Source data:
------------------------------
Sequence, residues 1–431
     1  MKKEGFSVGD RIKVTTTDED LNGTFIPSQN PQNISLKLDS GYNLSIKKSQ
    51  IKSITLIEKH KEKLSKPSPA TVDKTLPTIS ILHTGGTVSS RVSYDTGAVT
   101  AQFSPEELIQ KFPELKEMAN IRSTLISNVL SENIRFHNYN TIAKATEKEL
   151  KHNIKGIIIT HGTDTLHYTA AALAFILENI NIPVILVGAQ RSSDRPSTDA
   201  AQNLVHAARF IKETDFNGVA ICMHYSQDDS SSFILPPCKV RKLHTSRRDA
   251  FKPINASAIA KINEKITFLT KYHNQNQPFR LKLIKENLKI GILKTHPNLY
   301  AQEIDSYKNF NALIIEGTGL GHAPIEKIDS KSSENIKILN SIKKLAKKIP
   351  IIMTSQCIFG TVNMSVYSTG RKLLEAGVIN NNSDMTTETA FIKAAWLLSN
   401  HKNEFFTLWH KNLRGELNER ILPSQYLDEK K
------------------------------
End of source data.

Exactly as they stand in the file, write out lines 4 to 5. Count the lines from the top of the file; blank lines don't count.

   101  AQFSPEELIQ KFPELKEMAN IRSTLISNVL SENIRFHNYN TIAKATEKEL
   151  KHNIKGIIIT HGTDTLHYTA AALAFILENI NIPVILVGAQ RSSDRPSTDA